The Harlem High School Bulldog Band will celebrate its 50th anniversary with a new director and a little bit of funk.
Members of the Harlem High School Bulldog Band practice at the school. The 115-member band had its beginning 50 years ago, when the Columbia County School Board enlisted Harvard graduate F.C. Schley to organize a school band. Under new director Stacey Wade, the band will perform at the football team's first game Friday.
Photo by Jim Blaylock
When former band director Bob Willing retired at the end of the past school year, Stacey Wade took the helm and will lead the 115-member band onto the field for its first game Friday to some funky sounds.
"For our half-time show, we are doing music from Earth, Wind and Fire," said Wade, adding that in the past the band performed more traditional music such as selections from Phantom of the Opera. "I wanted to do something a little bit more mainstream. Something not only the kids will recognize and enjoy, but that the audience would recognize and enjoy."
The band began 50 years ago, when the Columbia County School Board enlist-ed Harvard graduate F.C. Schley to organize a band at the school, according to the archives of The Columbia County News-Times. During that first year, 216 students signed up for band instruction.
The band will perform the first show of their 50th season at the football team's first game at 7:30 p.m. Friday at Evans High School. The band will play In the Stone, After the Love Has Gone, Got To Get You Into My Life and a medley of Getaway and September.
Harlem High School band member Liz Tucker tries to keep cool during band practice.
Photo by Jim Blaylock
"The kids love it," Wade said, adding that the show's drill is a little more difficult than in previous years. "It's an exciting show. It's kind of a change of pace for those guys. I think they have kind of been hungry for this style of show."
Students lead the way
In fact, the students chose the show music, but it didn't take much to get Wade on board, he said.
Lauren Thompson is beginning her second season as the band's field commander and is pleased with the music selections and more complicated show formations.
"The music is technically more difficult, but every-body loves it so much that they are willing to put in the extra effort to make it sound really good," Thompson said. "Everybody is really excited about it."
Practice began July 18 with two weeks of band camp. On Aug. 4, Wade led the band's first practice of the official school year (classes began the day before). As he tapped out the beat in the middle of the school's sweltering parking lot, band members swirled and moved as they ran through the opening number. He shouted reminders and encouragement.
Director Stacy Wade instructs the band during practice. He says he wants to bring "some freshness" to the music and the social aspect of the band.
Photo by Jim Blaylock
Senior Cory Hall has played percussion in the band for all of his high school years. He said the difference between previous years and this one is Wade's stronger emphasis on marching.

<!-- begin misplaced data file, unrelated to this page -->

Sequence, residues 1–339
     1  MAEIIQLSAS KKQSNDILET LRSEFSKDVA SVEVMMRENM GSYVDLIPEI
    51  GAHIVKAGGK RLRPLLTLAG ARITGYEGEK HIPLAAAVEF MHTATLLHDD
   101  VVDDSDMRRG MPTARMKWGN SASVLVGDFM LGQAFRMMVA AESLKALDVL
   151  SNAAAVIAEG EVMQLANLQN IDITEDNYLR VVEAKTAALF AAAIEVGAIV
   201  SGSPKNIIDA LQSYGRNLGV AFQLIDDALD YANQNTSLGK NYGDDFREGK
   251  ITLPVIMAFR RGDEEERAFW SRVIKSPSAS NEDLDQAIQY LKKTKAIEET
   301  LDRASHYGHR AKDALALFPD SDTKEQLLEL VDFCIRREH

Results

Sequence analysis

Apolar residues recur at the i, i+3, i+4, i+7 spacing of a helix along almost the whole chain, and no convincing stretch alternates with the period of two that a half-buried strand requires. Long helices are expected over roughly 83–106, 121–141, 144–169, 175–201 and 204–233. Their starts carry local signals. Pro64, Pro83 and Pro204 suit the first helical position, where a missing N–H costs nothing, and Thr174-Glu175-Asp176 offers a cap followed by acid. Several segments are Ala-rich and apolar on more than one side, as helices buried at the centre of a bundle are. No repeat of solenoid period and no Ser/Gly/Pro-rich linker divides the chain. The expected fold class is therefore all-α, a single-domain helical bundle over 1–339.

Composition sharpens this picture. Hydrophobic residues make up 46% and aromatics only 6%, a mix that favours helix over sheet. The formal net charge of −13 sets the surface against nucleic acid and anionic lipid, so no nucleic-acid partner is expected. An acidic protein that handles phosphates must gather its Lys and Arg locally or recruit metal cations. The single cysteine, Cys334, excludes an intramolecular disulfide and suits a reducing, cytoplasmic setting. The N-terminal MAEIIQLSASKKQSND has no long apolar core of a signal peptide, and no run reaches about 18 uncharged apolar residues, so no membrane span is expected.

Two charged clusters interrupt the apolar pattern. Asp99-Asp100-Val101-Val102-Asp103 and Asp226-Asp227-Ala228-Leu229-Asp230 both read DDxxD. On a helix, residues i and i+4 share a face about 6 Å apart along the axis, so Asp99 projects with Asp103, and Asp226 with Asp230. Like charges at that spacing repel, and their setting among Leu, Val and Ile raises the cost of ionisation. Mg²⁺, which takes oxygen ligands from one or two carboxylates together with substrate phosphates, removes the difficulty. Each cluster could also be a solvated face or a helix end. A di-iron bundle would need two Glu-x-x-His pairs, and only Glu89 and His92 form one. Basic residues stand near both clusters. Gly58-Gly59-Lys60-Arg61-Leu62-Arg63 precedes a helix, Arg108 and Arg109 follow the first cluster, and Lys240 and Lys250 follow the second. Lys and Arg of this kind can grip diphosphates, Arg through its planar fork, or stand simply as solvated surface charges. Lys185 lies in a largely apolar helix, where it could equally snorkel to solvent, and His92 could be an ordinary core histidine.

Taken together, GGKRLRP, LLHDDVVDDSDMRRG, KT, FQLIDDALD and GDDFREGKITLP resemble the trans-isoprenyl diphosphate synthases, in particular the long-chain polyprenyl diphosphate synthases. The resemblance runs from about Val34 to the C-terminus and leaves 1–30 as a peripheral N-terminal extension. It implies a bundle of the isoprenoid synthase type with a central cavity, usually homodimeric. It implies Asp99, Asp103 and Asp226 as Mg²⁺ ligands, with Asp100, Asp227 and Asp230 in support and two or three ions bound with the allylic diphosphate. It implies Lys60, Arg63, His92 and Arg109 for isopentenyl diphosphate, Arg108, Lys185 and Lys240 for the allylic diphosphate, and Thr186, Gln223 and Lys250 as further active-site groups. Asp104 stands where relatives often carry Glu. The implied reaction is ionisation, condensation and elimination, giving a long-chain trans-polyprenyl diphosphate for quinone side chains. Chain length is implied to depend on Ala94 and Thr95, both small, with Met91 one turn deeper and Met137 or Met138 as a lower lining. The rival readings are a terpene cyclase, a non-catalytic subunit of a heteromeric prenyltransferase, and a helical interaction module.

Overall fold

Redcoats and Bulldogs
Wade has taught music for 16 years, the past four at Langley-Bath-Clearwater Middle School in Aiken County. As a saxophone player, like all three other lead band directors in the county, Wade marched in the University of Georgia's Redcoat Band, he said.
Alda Wilmoth, Harlem Middle School band director, said Wade's organized and calm way of presenting ideas to his students encourages them to work hard and do well.
"He's picking up where Mr. Willing left off, and he's running with it," Wilmoth said.
But it's not just the music selection Wade plans to revamp. Though Wade said nothing was wrong with the band program before, he said there's always room for growth, and he wants Harlem's band program to be viewed in the same light as the other three programs in the county.
Meeting the challenge
That effort began the first day of band camp, when he began counting the days to the face-off with the Evans band at half-time.
"I dearly love those guys over there (at Evans), and we are all very good friends," Wade said. "But that's the program in the county that has for the longest time carried the most respect, and Reid (Hall) is carrying the torch very well over there. The band is really top rate.
"I wanted to set the tone immediately that that is what we are gunning for. We can't go in there the first game and be better and bigger. But we can go in and make a really really loud statement."
As the population of Harlem is expected to explode in the next few years, Wade hopes that band membership also will grow.
In the next five years, Wade said, he hopes for a band between 150 and 180 members strong, he said.
Wade said that if future students respond to him as well and work as hard as his current students, reaching their goals will be a snap.
Even though Wade is devoted to his band (he can't hum or drum the show tunes out of his head), it's not all about the notes, which strengthens the band, he said.
"I'm trying to not only work on the musical aspects and bring some freshness to that; I'm also trying to focus on the more social aspects of being in the band and getting everyone together," Wade said. "Doing things other than just academic music and trying to create an atmosphere of friendship and fellowship."
Like the two previous band directors, Wade said he'd like to eventually retire from Harlem High School.
"I have to believe that it's a place I'll want to stay," he said. "And so far, based on my experiences, it is definitely, definitely a great place. The kids have been absolutely great to work with so far."
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